QSuper says the Your Future, Your Super bill's proposals may result in higher operational costs at superannuation funds and delays in decision-making, alongside less talent for their boards.
In its submission to the YFYS consultation, the industry fund called attention to the Best Interest Financial Duty's reversal of the burden of proof, and the limitations of APRA's new performance measures for superannuation funds.
Treasury in October 2020 introduced new APRA benchmarking for superannuation funds, which would cut inflows of new member funds to any super funds than fail the test two years in a row.
QSuper said this test needs to use better benchmarks and risk-adjusted returns (adding volatility, Sharpe ratio).
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"The asset class benchmarks may be constraining, and we suggest broadening the adopted benchmarks to better align with a fund's objectives; risk adjusted returns are more appropriate when assessing fund performance and this should be easily communicable to ensure members understand the risk-return trade-off," it said.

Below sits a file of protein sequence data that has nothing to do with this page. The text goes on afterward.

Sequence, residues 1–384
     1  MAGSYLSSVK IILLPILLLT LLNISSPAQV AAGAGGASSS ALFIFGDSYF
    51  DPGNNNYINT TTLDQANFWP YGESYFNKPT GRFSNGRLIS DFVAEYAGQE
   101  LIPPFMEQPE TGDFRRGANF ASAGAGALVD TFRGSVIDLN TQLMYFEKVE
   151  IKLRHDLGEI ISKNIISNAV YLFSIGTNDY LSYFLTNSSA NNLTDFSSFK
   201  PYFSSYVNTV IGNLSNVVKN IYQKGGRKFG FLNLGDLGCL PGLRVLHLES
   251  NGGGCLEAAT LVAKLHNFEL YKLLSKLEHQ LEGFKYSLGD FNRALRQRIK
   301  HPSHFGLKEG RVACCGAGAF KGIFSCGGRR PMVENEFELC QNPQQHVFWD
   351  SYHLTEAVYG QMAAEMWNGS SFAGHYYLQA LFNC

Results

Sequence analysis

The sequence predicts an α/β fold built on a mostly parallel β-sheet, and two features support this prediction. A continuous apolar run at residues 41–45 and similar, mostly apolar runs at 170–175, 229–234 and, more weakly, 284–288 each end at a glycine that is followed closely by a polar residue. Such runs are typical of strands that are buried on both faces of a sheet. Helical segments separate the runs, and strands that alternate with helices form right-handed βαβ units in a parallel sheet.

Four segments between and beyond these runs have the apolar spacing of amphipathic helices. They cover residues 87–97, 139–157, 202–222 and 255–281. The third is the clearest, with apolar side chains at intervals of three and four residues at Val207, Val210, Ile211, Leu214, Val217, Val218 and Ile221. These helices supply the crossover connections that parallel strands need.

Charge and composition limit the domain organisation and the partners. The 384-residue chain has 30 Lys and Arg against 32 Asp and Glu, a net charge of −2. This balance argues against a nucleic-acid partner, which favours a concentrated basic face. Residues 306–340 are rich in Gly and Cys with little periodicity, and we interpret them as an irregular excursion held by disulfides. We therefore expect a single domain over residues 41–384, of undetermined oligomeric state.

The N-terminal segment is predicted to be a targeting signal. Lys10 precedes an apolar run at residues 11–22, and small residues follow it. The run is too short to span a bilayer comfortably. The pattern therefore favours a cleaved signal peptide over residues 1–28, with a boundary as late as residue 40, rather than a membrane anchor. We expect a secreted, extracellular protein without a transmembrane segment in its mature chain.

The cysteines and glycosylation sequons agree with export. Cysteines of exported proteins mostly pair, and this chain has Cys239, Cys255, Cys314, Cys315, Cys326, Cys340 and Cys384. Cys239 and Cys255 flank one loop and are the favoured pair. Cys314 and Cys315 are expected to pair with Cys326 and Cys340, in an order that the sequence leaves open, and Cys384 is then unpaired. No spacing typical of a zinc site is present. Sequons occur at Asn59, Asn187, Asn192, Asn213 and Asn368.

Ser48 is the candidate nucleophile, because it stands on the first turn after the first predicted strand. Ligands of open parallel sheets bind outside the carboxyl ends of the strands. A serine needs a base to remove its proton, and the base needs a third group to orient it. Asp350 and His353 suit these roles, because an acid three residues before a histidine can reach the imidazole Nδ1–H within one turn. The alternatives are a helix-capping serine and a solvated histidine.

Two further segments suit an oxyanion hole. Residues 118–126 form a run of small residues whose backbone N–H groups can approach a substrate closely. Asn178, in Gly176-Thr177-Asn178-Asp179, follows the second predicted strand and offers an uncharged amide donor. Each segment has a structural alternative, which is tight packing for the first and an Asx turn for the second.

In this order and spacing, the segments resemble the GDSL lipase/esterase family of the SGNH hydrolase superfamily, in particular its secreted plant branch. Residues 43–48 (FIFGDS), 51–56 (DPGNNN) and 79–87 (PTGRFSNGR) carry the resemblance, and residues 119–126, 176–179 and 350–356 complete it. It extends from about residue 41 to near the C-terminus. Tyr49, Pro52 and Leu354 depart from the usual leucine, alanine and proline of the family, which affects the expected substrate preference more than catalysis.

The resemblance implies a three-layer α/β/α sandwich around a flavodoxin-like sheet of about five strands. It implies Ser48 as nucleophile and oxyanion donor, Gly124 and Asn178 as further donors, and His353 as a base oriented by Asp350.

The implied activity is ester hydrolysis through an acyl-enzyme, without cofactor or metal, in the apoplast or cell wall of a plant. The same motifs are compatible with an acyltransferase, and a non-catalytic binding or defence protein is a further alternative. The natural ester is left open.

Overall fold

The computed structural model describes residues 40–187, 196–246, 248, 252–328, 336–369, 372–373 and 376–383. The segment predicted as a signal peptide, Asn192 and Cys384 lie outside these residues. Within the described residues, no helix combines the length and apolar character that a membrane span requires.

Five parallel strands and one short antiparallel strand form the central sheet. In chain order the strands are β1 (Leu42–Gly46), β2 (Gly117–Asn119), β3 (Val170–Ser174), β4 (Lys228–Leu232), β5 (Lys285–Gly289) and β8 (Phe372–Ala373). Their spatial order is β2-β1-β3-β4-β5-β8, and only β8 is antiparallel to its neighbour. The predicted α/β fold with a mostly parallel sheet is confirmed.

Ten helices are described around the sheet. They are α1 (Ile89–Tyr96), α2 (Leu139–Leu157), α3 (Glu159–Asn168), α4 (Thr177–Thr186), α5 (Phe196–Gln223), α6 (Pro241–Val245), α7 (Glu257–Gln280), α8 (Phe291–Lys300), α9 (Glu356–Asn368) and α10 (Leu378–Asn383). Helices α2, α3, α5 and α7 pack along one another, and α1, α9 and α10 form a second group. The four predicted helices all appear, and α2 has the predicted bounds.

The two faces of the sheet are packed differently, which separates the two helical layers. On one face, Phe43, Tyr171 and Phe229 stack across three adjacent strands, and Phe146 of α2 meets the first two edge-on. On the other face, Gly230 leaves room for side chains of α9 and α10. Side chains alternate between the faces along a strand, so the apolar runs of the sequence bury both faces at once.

The fund also called attention to the lack of clarity around how the performance tests will work for lifecyle products, which automatically change a member's asset allocation to less riskier assets as they age.
It is asking Treasury or APRA together or separately to set up a working group to design a methodology for measuring lifecycle funds' performance.
"The Bill currently does not appear to recognise the challenges in appropriately comparing lifecycle funds - neither its component parts (or individual cohorts) nor how the total lifecycle approach will be collapsed into a single measure," it said in the submission.
It also wants the APRA two-year test to use rolling assessment periods for performance to support funds that fail the test but have taken corrective measures.